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    IITA Research Highlights 1982

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    Africa RISING West Africa Project External Mid-Term Review Report

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    United States Agency for International Developmen

    Reunion Regional de Cooperación en Mandioca en el Sub-trópico de América Latina (1990, Asuncion, Paraguay). Informe

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    A cassava workshop was held in Paraguay to analyze the convenience of improving the communication between professionals working with the crop in Paraguay, Argentina, and southern Brazil, identify specific technical areas of interest to the institutions of each country, and prepare an agenda of future interinstitutional activities to satisfy common information needs. Main points of the reports given by the different participants are summarized. Thematic areas of interest were defined as plant breeding, production, postharvest aspects, and social economics. Regarding plant breeding, the search for tolerance to cold and to bacteriosis was considered prioritary; in the area of production, prioritary areas were handling of planting material, control of bacteriosis, soil management and conservation, and cultural practices. Regarding postharvest aspects, priorities varied according to the country (fresh consumption, starch, wastes, fermentation, feeds, demand surveys, CM, technological diffusion) and in social economics, a need for on-farm research as well as for studies on socioeconomic aspects of production was expressed. (CIAT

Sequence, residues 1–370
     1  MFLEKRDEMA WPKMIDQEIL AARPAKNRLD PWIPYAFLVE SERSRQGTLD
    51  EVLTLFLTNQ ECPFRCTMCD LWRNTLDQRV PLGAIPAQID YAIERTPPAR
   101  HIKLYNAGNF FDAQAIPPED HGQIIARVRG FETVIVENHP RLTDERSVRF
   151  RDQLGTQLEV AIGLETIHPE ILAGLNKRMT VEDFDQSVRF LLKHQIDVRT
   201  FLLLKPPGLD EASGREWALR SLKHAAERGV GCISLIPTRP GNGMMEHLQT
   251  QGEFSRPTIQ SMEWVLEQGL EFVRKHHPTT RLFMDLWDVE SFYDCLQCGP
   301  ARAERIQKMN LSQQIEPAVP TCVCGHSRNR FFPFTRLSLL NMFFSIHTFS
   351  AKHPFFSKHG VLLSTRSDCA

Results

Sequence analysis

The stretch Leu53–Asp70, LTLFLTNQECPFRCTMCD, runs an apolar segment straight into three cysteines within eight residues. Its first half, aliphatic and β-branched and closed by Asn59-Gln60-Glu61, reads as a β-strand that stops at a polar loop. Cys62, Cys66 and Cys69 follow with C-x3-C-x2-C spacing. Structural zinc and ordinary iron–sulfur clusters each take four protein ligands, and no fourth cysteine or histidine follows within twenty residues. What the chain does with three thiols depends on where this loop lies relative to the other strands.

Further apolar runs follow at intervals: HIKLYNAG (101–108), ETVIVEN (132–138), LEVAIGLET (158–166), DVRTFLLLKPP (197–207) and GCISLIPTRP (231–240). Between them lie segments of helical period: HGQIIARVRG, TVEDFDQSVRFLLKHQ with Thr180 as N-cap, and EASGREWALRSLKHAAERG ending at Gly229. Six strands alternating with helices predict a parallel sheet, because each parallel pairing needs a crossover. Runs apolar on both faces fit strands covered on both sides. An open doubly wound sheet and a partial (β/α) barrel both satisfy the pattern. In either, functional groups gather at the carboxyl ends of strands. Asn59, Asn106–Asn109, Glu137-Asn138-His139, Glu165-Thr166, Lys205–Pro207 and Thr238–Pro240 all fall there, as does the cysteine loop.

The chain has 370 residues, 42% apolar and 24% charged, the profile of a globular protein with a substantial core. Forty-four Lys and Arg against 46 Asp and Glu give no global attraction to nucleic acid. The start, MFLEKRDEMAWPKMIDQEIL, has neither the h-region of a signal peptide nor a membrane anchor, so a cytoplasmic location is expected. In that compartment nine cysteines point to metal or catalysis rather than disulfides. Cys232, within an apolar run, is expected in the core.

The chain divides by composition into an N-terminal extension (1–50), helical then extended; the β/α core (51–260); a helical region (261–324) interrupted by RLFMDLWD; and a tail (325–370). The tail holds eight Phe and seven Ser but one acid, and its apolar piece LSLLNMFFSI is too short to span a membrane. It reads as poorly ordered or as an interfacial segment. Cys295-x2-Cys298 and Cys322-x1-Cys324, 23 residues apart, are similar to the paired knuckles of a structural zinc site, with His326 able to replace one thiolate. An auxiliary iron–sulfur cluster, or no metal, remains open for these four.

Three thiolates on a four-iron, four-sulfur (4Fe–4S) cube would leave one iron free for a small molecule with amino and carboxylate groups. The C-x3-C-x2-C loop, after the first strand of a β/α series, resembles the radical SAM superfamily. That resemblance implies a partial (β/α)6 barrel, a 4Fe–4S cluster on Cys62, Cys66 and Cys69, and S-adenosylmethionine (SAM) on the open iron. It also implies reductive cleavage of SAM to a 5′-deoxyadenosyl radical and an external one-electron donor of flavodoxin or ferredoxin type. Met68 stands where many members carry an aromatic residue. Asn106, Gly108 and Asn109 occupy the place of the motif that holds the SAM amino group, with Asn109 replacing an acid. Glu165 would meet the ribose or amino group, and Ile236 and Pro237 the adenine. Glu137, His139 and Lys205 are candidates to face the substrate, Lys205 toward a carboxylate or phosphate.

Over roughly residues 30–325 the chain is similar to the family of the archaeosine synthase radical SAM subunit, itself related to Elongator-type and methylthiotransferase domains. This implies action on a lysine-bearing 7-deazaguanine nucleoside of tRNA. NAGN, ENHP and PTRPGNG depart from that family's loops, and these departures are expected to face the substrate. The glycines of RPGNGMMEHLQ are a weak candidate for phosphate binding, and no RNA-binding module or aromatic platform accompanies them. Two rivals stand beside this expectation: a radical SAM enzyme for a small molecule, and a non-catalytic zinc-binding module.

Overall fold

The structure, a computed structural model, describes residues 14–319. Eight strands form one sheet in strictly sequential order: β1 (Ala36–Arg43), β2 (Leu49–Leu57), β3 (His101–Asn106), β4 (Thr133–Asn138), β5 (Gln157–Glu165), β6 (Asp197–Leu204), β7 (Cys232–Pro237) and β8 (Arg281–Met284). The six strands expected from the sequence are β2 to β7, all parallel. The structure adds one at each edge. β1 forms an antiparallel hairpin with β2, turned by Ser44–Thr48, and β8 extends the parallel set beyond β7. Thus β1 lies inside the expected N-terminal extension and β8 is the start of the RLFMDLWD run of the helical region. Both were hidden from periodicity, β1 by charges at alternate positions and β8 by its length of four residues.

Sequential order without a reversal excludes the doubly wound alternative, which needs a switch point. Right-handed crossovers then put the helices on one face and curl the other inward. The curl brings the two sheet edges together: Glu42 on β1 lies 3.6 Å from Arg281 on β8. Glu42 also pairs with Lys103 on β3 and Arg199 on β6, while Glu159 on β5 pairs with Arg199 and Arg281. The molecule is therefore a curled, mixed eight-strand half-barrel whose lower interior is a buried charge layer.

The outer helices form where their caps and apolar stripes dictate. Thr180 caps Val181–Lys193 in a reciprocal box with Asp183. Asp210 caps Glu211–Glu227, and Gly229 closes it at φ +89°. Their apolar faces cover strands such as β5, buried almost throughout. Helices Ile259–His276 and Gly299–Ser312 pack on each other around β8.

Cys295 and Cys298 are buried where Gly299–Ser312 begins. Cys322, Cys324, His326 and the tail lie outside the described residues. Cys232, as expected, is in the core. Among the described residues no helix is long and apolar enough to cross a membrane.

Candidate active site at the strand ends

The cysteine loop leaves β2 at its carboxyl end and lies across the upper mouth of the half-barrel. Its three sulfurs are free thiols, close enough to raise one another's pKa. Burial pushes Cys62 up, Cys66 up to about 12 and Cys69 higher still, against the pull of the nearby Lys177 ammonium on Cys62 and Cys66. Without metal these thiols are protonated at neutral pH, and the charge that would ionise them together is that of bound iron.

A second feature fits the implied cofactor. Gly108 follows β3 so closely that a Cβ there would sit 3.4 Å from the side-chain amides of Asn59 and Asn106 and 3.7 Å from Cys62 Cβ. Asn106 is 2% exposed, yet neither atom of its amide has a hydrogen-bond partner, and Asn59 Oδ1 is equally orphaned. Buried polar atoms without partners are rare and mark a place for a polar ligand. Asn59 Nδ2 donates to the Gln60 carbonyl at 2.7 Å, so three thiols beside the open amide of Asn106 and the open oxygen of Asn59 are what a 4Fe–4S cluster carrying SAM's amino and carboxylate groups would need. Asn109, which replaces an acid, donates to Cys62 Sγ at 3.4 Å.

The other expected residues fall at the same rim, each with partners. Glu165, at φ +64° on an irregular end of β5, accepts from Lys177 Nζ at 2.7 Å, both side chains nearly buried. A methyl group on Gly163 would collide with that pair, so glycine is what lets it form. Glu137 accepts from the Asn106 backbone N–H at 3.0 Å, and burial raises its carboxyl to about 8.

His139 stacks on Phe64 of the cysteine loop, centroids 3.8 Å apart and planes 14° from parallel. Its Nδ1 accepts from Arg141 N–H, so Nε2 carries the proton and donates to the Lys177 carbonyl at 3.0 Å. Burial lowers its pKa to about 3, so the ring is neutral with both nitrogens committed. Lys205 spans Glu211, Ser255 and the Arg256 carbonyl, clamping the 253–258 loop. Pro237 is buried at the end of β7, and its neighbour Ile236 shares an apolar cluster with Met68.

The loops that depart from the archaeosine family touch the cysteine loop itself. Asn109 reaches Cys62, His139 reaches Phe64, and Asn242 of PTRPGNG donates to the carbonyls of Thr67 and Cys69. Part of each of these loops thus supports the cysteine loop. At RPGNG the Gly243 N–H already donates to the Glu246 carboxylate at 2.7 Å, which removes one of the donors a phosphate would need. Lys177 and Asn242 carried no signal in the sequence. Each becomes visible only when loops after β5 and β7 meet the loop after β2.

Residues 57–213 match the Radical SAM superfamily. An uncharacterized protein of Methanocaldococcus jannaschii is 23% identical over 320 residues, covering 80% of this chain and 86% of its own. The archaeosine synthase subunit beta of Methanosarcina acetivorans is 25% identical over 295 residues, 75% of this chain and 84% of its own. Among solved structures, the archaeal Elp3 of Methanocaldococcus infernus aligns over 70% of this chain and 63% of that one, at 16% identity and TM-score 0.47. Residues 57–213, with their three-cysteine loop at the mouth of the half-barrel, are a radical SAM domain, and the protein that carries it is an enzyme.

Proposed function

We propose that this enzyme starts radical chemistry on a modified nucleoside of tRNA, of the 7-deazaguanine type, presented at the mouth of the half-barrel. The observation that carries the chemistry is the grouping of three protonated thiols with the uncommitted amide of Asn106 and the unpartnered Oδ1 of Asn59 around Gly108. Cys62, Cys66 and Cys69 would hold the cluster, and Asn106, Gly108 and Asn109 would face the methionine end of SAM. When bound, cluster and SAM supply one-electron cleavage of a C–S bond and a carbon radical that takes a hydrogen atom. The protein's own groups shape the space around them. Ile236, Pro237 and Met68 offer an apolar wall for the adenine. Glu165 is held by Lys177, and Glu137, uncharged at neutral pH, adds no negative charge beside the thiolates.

Curso de adiestramiento de especialistas en producción de cultivos

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    Economic gains from maize research in West and Central Africa: an overview

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    Agricultural research by national systems and international institutes has contributed to the increase in maize production and productivity in West and Central Africa (WCA) over the last three decades. This subregion accounted for about 43% of maize production in sub-Saharan Africa (SSA) from 1998-2000, compared with 17% 30 years ago (1968-1970). Yields improved by 41% from an average of 858 kg ha"' in 1970 to about 1210 kg ha"' in 2000. During the period under review, a large number of disease resistant varieties were released, methods for more effective control of pests and diseases were developed, and institutional capacity and capability of the NARS were greatly strengthened. One impact of maize research is the improvement in the standard of living of maize producers. Spillover effects of maize research include but are not limited to a better and greater use of improved technologies for the production of other crops and economic gains to the maize importers and consumers in WCA. There is evidence that the rate of increase in the real price of maize was not significant and was less than that of other food commodities.United States Agency for International Developmen
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